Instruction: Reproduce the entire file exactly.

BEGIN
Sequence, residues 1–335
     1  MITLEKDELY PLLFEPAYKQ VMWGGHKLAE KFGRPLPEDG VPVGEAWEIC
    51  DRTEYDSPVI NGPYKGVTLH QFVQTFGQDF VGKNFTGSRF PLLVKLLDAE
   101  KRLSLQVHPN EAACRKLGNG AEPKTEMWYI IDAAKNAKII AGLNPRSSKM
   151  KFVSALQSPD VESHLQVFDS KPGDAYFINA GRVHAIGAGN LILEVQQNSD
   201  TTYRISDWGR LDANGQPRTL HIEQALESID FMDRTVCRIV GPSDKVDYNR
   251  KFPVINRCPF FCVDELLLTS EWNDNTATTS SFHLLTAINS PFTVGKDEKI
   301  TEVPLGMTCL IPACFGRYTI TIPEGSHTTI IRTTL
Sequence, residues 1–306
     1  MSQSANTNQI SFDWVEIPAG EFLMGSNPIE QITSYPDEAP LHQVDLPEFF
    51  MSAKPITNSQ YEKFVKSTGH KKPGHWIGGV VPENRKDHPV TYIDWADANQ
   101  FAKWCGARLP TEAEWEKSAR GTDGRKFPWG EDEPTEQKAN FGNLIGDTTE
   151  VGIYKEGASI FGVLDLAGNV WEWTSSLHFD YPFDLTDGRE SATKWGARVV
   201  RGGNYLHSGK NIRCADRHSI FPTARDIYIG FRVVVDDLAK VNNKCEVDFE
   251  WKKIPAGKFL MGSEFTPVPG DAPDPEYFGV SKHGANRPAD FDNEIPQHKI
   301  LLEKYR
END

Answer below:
Sequence, residues 1–335
     1  MITLEKDELY PLLFEPAYKQ VMWGGHKLAE KFGRPLPEDG VPVGEAWEIC
    51  DRTEYDSPVI NGPYKGVTLH QFVQTFGQDF VGKNFTGSRF PLLVKLLDAE
   101  KRLSLQVHPN EAACRKLGNG AEPKTEMWYI IDAAKNAKII AGLNPRSSKM
   151  KFVSALQSPD VESHLQVFDS KPGDAYFINA GRVHAIGAGN LILEVQQNSD
   201  TTYRISDWGR LDANGQPRTL HIEQALESID FMDRTVCRIV GPSDKVDYNR
   251  KFPVINRCPF FCVDELLLTS EWNDNTATTS SFHLLTAINS PFTVGKDEKI
   301  TEVPLGMTCL IPACFGRYTI TIPEGSHTTI IRTTL
Sequence, residues 1–306
     1  MSQSANTNQI SFDWVEIPAG EFLMGSNPIE QITSYPDEAP LHQVDLPEFF
    51  MSAKPITNSQ YEKFVKSTGH KKPGHWIGGV VPENRKDHPV TYIDWADANQ
   101  FAKWCGARLP TEAEWEKSAR GTDGRKFPWG EDEPTEQKAN FGNLIGDTTE
   151  VGIYKEGASI FGVLDLAGNV WEWTSSLHFD YPFDLTDGRE SATKWGARVV
   201  RGGNYLHSGK NIRCADRHSI FPTARDIYIG FRVVVDDLAK VNNKCEVDFE
   251  WKKIPAGKFL MGSEFTPVPG DAPDPEYFGV SKHGANRPAD FDNEIPQHKI
   301  LLEKYR